Tools and Methods

Tools and Methods

Cool tools and methods for Citizen Science projects


For most of us, citizen science makes us think of crowdsourcing; a voluntary activity by a large, unsolicited group of people (the crowd) who  contribute information, ideas or services, usually via the internet.

In projects applied to disaster risk reduction (usually mapping the aftermath of hazardous events) these type of initiative are also sometimes  referred to as VGI (Volunteered Geographic Information).

Here are a few examples of research using crowdsourcing for disaster risk reduction:

  1. The European Handbook of Crowdsourced Geographic Information
  2. From social media to GeoSocial Intelligence: Crowdsourcing Civic Co-management for flood response in Jakarta, Indonesia
  3. Crowdsourced data for flood hydrology: Feedback from recent citizen science projects in Argentina, France and New Zealand



Other citizen science initiatives (including crowdsourcing) make use of low-cost sensors to enable the public to monitor and collect observational and other sensory data about their environments.

Here are a few examples of research using low-cost sensors as a citizen science tool for disaster risk reduction:

1. Citizen science for hydrological risk reduction and resilience building

2. Raspberry Shake (citizen seismometer using Raspberry Pi)

3. The Community Seismic Network (a network of 500 low-cost microelectromechanical accelerometers in Los Angeles).


Participatory techniques

While citizen science itself could be classified as participatory scientific research, here we recognise participatory research techniques as a separate series of methods and tools to support a process of empowering communities to reduce their risk.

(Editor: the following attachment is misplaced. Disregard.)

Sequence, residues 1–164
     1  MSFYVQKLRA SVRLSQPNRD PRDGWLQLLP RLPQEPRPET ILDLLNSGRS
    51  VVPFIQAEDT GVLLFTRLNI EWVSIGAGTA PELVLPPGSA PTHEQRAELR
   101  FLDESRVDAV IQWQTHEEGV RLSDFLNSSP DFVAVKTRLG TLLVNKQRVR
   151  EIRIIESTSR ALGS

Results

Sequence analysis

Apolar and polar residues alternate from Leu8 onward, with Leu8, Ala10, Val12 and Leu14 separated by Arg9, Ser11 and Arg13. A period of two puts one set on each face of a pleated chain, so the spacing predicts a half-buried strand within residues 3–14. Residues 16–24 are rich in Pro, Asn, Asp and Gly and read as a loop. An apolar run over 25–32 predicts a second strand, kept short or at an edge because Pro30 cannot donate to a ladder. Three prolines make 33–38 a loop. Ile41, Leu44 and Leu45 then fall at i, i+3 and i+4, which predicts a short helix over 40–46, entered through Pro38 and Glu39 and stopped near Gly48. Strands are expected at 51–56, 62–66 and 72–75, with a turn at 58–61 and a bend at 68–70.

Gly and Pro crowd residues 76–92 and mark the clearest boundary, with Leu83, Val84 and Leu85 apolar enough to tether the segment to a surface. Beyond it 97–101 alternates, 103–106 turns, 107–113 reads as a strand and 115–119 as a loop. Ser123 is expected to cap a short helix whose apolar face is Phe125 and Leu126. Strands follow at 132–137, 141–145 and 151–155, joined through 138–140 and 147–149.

Here are a few examples of research using participatory methods as a citizen science tool for disaster risk reduction:

  1. Maximising Multi-Stakeholder Participation in Government and Community Volcanic Hazard Management Programs; A Case Study from Savo, Solomon Islands
  2. Participatory methods of incorporating scientific with traditional knowledge for volcanic hazard management on Ambae Island, Vanuatu



Narratives are not normally associated with citizen science, yet narrative is the process through which which we encode and transmit information. We see several roles which narrative can play in relation to citizen science:

  • As a data source from which information can be extracted
  • As a data object e.g. for bonding and social connection (social capital)
  • As a tool for communication e.g. story-telling
  • As a resource to challenge dominant narratives
  • As a tool to evaluate a project or intervention

Here are some examples from the research literature of the use of narrative in relation to citizen science:

  1. Risk communication films: Process, product and potential for improving preparedness and behaviour change
  2. The power of narrative in post-disaster entrepreneurial response
  3. Narratives as a mode of research evaluation in citizen science: understanding broader science communication impacts
  4. Narratives as a means to create bonding social capital at community level during recovery (post-Katrina in the USA).